» The Problem With Minimum Payments
Credit cards are a powerful purchasing tool that must be managed correctly to prevent undue financial hardship. Most cardholders open a credit card account with the intention of paying the balance in full each month, but then an unexpected event occurs. The first time a balance is carried over, the debtor realizes that the minimum payment is an option that will leave some slack in the budget. A dangerous road lies ahead if the balance remains outstanding and minimum payments are made. Some of the most obvious perils include:
Paying the minimum required payment every month on a credit card balance does not provide a true assessment of the debt that is outstanding. Credit card statements reveal a remaining balance, but the next minimum payment will not be shown until more interest is added to the account. Every month the cardholder sees little progress and does not have an accurate picture of the entire obligation on the account.
One monthly credit card payment might be possible as long as the primary income remains stable and the family situation is unchanged. Multiple credit card payments begin to consume more of the budget and other bills begin to become a burden. The minimum payment method will obligate the cardholder for years of monthly payments with no return for the investment.
The strongest marketing gimmick used for selling merchandise is the enticement to “buy now and pay later.” Smart consumers realize that the money to buy the item must be present in the budget today, or their buying habits are placing a lien on their own future earnings. Financial obligations to credit card companies will last long after the purchased item has been used and discarded.
On-time monthly payments will prevent unwanted marks on the credit rating, but the habit of paying only the minimum amount on the credit card balance is visible by creditors. Managing debt is one of the factors for maintaining the credit scores in the highest brackets.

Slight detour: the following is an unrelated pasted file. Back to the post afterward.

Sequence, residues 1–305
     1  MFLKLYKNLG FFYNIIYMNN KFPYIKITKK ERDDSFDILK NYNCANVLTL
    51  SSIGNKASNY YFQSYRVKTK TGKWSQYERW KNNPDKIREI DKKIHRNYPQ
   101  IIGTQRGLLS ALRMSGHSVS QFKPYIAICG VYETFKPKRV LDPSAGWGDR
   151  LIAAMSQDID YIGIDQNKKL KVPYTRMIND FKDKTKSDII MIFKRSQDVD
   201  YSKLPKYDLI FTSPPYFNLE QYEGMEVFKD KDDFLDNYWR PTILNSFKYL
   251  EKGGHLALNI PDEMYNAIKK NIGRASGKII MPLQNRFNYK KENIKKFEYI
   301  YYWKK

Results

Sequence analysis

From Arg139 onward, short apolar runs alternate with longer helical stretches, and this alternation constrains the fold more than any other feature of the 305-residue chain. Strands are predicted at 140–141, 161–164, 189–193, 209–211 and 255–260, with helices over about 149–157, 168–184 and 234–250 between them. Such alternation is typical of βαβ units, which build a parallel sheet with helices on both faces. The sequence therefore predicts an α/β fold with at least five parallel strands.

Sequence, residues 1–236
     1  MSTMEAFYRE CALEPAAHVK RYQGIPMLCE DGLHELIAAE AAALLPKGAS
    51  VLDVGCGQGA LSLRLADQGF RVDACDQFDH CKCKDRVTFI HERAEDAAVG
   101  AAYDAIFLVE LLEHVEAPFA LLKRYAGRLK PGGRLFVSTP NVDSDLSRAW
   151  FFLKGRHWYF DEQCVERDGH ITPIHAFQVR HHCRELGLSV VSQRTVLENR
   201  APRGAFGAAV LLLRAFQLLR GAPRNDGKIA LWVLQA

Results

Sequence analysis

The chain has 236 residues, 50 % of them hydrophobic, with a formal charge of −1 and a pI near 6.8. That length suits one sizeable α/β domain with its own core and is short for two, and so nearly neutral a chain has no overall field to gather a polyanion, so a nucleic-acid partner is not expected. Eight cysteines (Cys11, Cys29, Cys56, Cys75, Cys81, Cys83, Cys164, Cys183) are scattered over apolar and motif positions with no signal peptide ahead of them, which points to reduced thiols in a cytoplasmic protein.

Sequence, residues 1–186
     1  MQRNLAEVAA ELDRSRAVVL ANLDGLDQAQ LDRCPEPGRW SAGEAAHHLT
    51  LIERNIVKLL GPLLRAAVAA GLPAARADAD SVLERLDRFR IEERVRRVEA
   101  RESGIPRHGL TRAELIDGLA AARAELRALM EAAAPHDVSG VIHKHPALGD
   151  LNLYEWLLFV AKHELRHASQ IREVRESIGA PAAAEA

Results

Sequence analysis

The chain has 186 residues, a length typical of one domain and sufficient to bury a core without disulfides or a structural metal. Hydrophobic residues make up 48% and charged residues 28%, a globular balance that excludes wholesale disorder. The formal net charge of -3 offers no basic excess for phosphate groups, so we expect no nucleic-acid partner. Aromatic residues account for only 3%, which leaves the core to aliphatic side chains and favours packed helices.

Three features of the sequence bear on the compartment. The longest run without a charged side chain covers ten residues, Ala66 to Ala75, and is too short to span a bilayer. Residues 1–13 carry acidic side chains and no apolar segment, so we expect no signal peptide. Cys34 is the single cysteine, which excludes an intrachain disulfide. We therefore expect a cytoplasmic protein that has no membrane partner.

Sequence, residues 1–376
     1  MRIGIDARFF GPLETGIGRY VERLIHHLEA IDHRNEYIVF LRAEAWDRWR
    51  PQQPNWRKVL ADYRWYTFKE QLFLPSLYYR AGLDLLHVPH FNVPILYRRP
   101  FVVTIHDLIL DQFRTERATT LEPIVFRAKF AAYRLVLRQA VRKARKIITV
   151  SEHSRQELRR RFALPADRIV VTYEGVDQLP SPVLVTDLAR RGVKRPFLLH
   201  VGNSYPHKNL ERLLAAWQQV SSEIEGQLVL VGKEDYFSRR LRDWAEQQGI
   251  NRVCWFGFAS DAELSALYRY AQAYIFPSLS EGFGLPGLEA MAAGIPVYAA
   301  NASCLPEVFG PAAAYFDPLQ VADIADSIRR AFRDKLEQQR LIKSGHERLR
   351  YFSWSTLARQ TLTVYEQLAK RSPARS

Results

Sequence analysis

Credit card debt that remains unpaid over long periods of time is evaluated by every creditor when auto and home loans are sought. Creditors state that one of the most prevalent reasons for denying loans is because of the debt burden the applicant is under. Paying the minimum required payment on a credit card will interfere with larger financial goals.
The family budget may have enough margin to pay the minimum payment on one or more credit cards each month as long as both incomes are sustained. If an unexpected event causes the loss of one income, the first missed payment can cause a catastrophic cascade of missed monthly payments. Instead of paying off the balance quickly, the family will end up with damaged credit and unsustainable obligations that cause undue hardship.
Paying off the entire credit card balance can seem impossible if every other dollar in the monthly budget is committed. Habits must change to eliminate the use of the credit cards to reveal the true cycle of debt that has been established in the life of the family. If groceries and entertainment are automatically charged to the credit card, the cycle has reached the point that is very near default.
One of the first steps to breaking the cycle of paying only the minimum payment each month on each credit card is to take a hard look at the entire household budget. If there is absolutely no money to pay more than the minimum payment on one card, some expenses are going to have to be cut, and hard choices must be made. Financial advisers are available to assist with the steps that must be taken to correct the situation and eliminate the debt. Health financial habits can be learned, and the discipline to manage the family budget can be shared by every member.